Artists: Irmina Rusicka, Kasper Lecnim
Exhibition title: Satellites will rise from our bones
Curated by: Kasia Sobczak
Venue: Goyki 3 Art Inkubator, Sopot, Poland
Once upon a time, Cato the Elder concluded each of his speeches with the sentence that Carthage must be destroyed. Cato's dislike of the city did not come from nowhere - he remembered the Battle of Cannae, in which a Carthaginian commander crushed the armies of the Roman Empire, and the Eternal City was alive with the words “Hannibal at the gates”.
Today, complacent chortle can still be heard from Cato's grave; after all, Carthage is a ruin. However, Hannibal at the gates is a different enemy, a different avenger - an enchanting technology on a micro and macro scale, cutting through the sky and boring mole corridors into the flesh. Those who would like to nip it in the bud are faced with a daunting task: they have to go back to the soot black times, when the first hominid reached for someone else's bone and chase away through the steppe the forefather who wants to strike a blow against nature with his emerging culture. Let him not even dream that a bone can someday hang in space, against the laws of the Earth and God at the same time.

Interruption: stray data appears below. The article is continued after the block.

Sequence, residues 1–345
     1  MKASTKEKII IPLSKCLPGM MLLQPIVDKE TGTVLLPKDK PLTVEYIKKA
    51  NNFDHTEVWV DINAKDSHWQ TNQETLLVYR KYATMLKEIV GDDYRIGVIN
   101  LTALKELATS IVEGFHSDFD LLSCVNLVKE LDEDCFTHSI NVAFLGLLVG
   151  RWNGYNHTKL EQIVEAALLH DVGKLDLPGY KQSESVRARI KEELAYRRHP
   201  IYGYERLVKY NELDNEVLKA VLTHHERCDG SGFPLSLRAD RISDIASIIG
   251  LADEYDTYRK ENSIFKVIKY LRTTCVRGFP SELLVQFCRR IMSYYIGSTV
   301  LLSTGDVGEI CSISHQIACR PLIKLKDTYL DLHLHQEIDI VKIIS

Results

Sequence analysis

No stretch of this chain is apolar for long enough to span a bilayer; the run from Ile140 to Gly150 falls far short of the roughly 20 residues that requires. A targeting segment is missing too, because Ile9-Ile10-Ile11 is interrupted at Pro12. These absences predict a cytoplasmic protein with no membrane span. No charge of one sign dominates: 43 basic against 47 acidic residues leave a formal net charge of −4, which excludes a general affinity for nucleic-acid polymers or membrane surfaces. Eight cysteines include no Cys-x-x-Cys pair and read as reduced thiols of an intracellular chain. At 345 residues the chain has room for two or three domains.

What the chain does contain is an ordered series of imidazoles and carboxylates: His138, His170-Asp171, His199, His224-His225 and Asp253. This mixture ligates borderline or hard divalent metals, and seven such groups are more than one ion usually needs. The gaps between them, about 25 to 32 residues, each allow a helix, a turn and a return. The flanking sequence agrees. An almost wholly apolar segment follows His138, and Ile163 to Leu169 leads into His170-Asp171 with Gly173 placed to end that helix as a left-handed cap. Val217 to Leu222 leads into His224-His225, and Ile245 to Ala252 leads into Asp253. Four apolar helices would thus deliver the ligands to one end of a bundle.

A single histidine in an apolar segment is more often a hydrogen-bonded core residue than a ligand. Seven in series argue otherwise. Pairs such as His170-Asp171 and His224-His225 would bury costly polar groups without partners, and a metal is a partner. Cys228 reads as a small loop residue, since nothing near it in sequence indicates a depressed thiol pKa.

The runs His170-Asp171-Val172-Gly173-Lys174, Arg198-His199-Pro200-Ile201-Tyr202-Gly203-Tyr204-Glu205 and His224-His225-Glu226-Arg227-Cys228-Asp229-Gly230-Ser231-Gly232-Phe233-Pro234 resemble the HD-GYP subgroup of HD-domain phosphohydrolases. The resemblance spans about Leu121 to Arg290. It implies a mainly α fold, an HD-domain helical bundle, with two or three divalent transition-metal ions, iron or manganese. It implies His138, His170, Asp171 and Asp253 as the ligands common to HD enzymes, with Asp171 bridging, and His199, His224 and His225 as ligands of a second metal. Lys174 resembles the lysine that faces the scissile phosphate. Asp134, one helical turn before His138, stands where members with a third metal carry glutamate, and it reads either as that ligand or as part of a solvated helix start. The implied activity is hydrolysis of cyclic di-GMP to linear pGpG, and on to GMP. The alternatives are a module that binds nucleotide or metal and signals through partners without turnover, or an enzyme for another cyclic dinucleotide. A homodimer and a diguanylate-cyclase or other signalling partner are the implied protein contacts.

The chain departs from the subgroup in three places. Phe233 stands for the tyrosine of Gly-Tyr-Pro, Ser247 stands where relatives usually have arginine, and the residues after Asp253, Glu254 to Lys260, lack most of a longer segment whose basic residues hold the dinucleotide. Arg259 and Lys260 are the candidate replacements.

In Irmina Rusicka and Kasper Lecnim's exhibition, the bones and satellites of the title are the history of everything human - the life-giving progress and its victims, the persistent dreams of flying and, above all, the ashes of catastrophes, from which new, faster and shinier missiles can be shaped, aimed at the black horror of the cosmos. If anyone is to blame for the steel bones hanging in the Earth's orbit, it is only the first no-longer-monkey, who made a sentence on himself out of bones. And the animals in the garden looked at the bone, then at the satellite, then at the bone again, then at the satellite again, but no one could figure out what was what.
Text: Aleksy Wójtowicz
Ttranslation: Kasia Sobczak